“What we’re hoping to see is that it provides just enough space, enough breathing room, for folks to complete training, to get certified, or get the education or credentialing they need to move upward economically, to get a better job and also to stabilize their family,” Ramirez told San José Spotlight.

    Mountain View launched the program last month in conjunction with local nonprofit Community Services Agency of Mountain View, Los Altos and Los Altos Hills.

    The program is currently estimated to cost about $2.57 million, with the bulk of the program’s funding coming from the city’s $15 million federal American Rescue Plan Act funds, as well as a $100,000 grant from the Silicon Valley Community Foundation. Some city general funds are also being used to cover the cost, according to city spokesperson Lenka Wright.

    About $570,000 of the cost is for administration of the program, with $358,366 going to Community Services Agency and $212,403 going to the Center for Guaranteed Income Research at the University of Pennsylvania as a research partner.

    Marroquín said it might be “wishful thinking” to expect $500 per month to be enough to allow people earning very low incomes go back to school or drastically improve their careers in just two years’ time.

    “I don’t think it’s going to make a lot of difference for people who can barely eat and barely live in this area,” she said.

    Tracking outcomes 

    Whatever the impact locally, city officials, working with the Center for Guaranteed Income Research at the University of Pennsylvania, hope to collect data over the two years.

    Stanford’s Basic Income Lab will be keeping an eye on Mountain View’s efforts, which adds to a growing list of more than 100 local governments offering direct cash assistance through guaranteed basic income programs around the country.

    Sean Kline, associate director of the Stanford lab, said Mountain View’s program could further shift thinking around what a social safety net could look like at the state and federal levels.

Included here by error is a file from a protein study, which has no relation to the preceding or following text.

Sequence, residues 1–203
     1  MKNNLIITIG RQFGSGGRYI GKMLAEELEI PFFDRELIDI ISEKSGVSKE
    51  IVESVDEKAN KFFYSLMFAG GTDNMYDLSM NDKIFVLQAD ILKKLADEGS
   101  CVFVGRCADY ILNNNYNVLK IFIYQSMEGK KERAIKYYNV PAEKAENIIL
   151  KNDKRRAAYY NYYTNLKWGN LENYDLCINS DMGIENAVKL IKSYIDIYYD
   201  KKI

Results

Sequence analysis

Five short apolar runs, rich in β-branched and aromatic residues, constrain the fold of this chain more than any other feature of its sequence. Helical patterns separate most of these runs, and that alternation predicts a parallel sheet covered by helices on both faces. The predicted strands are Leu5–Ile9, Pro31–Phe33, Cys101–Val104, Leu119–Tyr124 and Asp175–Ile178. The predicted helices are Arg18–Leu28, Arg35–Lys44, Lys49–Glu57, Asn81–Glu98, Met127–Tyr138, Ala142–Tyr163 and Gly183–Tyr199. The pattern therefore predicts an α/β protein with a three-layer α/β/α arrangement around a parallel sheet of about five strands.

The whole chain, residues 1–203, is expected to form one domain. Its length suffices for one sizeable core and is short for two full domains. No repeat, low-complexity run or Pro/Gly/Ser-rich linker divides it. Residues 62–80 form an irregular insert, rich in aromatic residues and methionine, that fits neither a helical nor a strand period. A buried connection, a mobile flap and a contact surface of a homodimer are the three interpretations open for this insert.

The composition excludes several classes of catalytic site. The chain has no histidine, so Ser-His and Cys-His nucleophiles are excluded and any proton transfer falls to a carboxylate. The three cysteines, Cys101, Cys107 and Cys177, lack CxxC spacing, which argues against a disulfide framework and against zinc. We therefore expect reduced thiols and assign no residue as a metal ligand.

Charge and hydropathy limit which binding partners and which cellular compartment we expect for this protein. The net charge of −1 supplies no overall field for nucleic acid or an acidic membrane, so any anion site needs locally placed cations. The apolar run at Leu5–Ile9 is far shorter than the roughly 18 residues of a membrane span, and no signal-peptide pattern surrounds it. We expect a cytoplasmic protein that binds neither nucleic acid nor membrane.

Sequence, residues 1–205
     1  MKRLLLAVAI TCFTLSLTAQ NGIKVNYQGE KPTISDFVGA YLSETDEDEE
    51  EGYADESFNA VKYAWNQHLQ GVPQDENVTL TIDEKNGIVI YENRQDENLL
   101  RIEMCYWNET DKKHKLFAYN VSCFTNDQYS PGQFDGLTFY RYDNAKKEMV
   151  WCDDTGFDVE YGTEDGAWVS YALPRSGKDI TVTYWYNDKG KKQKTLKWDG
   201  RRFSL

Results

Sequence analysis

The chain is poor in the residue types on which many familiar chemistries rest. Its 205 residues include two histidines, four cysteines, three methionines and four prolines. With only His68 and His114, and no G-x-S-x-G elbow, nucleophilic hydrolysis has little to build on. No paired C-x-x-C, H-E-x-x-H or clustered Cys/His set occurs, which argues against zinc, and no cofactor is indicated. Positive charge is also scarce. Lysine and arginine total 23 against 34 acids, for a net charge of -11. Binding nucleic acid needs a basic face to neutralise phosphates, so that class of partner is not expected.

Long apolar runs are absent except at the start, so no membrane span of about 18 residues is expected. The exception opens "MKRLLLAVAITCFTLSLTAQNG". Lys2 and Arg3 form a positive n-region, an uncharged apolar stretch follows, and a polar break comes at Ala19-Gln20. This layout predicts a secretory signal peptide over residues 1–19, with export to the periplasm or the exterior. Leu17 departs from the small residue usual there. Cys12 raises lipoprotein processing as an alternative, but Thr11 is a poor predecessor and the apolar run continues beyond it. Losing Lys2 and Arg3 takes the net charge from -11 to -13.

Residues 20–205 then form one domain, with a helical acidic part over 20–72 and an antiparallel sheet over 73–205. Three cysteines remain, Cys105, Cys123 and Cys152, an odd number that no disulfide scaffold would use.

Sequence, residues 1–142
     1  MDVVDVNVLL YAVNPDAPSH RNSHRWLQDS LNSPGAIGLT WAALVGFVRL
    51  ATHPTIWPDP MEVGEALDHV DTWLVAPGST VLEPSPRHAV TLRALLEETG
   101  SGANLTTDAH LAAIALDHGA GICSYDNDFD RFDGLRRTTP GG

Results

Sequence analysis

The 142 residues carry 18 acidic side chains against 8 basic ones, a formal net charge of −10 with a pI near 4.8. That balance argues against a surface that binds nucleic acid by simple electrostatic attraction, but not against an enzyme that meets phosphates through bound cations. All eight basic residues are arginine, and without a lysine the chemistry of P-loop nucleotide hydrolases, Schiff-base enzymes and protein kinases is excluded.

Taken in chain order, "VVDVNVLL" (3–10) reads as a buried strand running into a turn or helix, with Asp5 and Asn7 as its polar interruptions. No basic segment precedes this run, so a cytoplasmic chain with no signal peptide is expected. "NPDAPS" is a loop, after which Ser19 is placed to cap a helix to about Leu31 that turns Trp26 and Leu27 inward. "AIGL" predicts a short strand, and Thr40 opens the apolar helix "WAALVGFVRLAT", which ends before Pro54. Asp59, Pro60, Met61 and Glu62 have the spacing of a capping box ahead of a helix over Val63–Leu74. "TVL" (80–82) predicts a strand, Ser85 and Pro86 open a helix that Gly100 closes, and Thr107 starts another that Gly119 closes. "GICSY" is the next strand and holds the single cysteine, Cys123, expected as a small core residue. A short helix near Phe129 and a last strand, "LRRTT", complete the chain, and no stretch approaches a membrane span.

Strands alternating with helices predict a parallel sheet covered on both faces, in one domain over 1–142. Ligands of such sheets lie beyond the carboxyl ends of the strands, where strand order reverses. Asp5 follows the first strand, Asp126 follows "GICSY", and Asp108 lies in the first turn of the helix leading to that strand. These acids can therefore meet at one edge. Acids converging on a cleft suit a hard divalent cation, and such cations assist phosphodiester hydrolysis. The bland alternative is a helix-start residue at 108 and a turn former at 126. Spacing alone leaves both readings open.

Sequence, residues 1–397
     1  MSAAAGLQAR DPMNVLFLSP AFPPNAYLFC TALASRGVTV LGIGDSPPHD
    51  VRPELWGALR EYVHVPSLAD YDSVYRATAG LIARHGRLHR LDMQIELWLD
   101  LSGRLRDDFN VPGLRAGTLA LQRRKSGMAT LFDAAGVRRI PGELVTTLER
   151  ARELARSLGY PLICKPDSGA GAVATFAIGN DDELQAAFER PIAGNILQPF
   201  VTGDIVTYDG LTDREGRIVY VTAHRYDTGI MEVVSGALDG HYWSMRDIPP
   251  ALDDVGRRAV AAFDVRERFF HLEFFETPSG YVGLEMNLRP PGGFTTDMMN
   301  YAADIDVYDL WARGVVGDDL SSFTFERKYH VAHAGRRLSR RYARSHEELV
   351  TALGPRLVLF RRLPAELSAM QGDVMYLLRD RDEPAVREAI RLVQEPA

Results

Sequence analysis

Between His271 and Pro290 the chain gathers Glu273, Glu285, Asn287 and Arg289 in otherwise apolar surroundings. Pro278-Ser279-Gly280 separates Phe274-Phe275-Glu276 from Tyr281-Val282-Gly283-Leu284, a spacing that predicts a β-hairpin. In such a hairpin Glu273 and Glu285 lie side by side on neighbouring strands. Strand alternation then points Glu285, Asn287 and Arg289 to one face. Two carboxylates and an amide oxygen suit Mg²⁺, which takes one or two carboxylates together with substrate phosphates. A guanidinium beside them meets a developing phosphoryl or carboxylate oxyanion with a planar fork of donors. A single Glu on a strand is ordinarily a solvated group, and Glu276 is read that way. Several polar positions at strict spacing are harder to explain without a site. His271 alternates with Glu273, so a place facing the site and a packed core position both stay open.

“It’s a really important time to be reflecting on new ways we can support those who are struggling the most at a time of growing inflation and a housing crisis. We need to be thinking in bolder terms,” Kline told San José Spotlight. “What do we owe each other? What roles should the government be playing, particularly in times of crisis?”

    Kline said after Stockton launched California’s first basic income program in 2019, those participating reported reduced depression and anxiety, diminished feelings of financial scarcity and saw new opportunities for self determination, goal setting and risk taking.

    “It’s very hard to think about those kinds of decisions and looking to the horizon when you’re so consumed with the day-to-day necessities,” he said.

    While guaranteed income programs may have been considered by some to be a radical idea five years ago, attitudes appear to be changing, in large part because of federal relief offered during the COVID-19 pandemic.

    “We saw that providing individuals and families cash was one of the most swift, flexible and respectful ways of supporting people in a time of critical need,” he said.

    Contact Joseph Geha at [email protected] or @josephgeha16 on Twitter.